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Jar of plum compote

Homemade Canning Plums Recipe

  • Author: Adam
  • Total Time: 2 hours
  • Yield: 9 pints 1x


This recipe for water bath canning plums captures the natural sweetness and tang of plums while maintaining their texture. The balance of flavors and precise processing time ensure a delightful treat you can enjoy throughout the year.


  • 9 lbs of freestone plums
  • 10 cups water
  • 1 cup of sugar
  • Optional: cinnamon sticks, star anise, bourbon, fruit juice


  1. Fill your water bath canner with at least two inches of water and set it on the stove over low heat.
  2. Sterilize either pint jars or quart jars by boiling them in soapy water or using the sterilize cycle on your dishwasher.
  3. Give your canning lids and bands a thorough cleaning with warm soapy water and rinse well.
  4. Warm up the canning jars by placing them in warm water inside the canner.
  5. Combine the water and sugar in a large pot. Bring the mixture to a rolling boil over medium-high heat.
  6. Wash the plums and remove the pits if desired.
  7. If you are canning whole plums, prick the skins with a toothpick to prevent the skin from popping. The plums will have room to expand and keep their shape inside the jars. Alternatively, cut plums in half for canning plum halves.
  8. Hot pack method: place the prepared plums into the stockpot of boiling syrup and boil for 2 minutes. Turn off the heat and let them sit for 20 to 30 minutes. Some people like to add cinnamon, star anise, or a dash of bourbon for flavor.
  9. Pack the hot plums into the hot jars using a ladle. Leave a 2-inch headspace after adding the solid plums. Fill the jars with hot syrup, water, or juice and leave a ½ inch headspace.
  10. Raw pack method: fill the jars with raw plums and add hot water, juice, or syrup, leaving a ½-inch headspace.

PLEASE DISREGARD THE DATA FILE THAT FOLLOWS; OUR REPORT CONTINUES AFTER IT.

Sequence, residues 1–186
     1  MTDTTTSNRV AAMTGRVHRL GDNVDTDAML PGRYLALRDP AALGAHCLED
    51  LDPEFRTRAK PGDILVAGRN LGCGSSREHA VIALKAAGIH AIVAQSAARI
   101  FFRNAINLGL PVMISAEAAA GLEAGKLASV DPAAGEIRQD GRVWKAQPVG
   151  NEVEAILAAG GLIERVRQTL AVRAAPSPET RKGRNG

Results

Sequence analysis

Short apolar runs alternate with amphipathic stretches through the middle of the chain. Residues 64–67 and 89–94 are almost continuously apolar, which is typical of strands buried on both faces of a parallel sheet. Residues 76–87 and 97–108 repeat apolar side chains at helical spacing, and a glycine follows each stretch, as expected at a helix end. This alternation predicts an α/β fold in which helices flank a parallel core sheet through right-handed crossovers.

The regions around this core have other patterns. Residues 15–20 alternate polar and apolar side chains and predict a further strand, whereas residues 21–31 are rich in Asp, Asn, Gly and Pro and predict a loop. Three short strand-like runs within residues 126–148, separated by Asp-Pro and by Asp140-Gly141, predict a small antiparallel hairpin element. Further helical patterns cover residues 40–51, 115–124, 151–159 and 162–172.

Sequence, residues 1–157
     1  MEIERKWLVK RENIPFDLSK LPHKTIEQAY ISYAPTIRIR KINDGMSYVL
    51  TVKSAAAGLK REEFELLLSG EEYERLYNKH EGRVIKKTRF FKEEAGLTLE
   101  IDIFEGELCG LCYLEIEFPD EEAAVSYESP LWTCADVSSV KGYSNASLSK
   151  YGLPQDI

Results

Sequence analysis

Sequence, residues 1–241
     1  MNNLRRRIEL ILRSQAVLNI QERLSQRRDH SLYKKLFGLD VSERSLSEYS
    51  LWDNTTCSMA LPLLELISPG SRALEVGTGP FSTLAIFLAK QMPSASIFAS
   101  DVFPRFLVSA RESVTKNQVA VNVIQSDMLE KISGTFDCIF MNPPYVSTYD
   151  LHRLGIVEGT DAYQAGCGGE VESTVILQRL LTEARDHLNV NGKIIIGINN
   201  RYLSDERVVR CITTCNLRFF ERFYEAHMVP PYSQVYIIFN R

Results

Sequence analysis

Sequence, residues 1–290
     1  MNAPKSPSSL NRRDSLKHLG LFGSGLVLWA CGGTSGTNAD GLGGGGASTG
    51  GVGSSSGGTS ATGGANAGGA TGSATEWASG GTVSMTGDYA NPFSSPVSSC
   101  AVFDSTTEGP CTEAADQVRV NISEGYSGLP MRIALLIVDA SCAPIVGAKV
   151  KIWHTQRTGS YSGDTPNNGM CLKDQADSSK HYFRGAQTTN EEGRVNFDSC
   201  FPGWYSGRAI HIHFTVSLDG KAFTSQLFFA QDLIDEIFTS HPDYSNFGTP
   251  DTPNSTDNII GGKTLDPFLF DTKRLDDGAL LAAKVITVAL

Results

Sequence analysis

11. Remove air bubbles by running a soft kitchen instrument around the inside of the jars.
  12. Wipe the rims of the jars clean with a damp kitchen towel or paper towel and securely place new canning lids on the tops of each jar. Apply the screw bands and tighten until fingertip tightness.
  13. Use canning tongs to transfer the jars into the canner, placing them on the canning rack. Bring the water to a rolling boil and process according to jar size and packing method:

Water Bath Canning Processing Times

  • 0 – 1,000ft: hot packs 20 mins; raw packs 25 mins (pints and quarts)
  • 1001 – 3,000ft: hot packs 25 mins; raw packs 30 mins (pints and quarts)
  • 3,001 – 6,000ft: hot packs 30 mins; raw packs 35 mins (pints and quarts)
  • 6,001ft and up: hot packs 35 mins; raw packs 40 mins (pints and quarts)

Post Processing

  1. Turn off the heat after the processing time and remove the canner’s lid. Leave the jars in the hot water inside the canner for 5 minutes.
  2. Carefully lift the jars onto a work surface protected by a clean towel using tongs or a jar lifter. Leave them to cool undisturbed for 12 to 24 hours.
  3. Test the seals by gently pressing the center of the lids with your thumbs to check for proper sealing. Remove the screw bands and wipe the jars clean. Label all sealed jars and store them in a cool, dark place. For unsealed jars, reprocess immediately with new lids or refrigerate and use the contents within 3-5 days.
  • Prep Time: 1 hour
  • Canning Time: 40 minutes
  • Cook Time: 10 minutes


  • Serving Size: 100g
  • Calories: 63kcal
  • Sugar: 15g
  • Sodium: 20mg
  • Fat: 0g
  • Saturated Fat: 0g
  • Carbohydrates: 16g
  • Fiber: 1g
  • Protein: 0g
  • Cholesterol: 0mg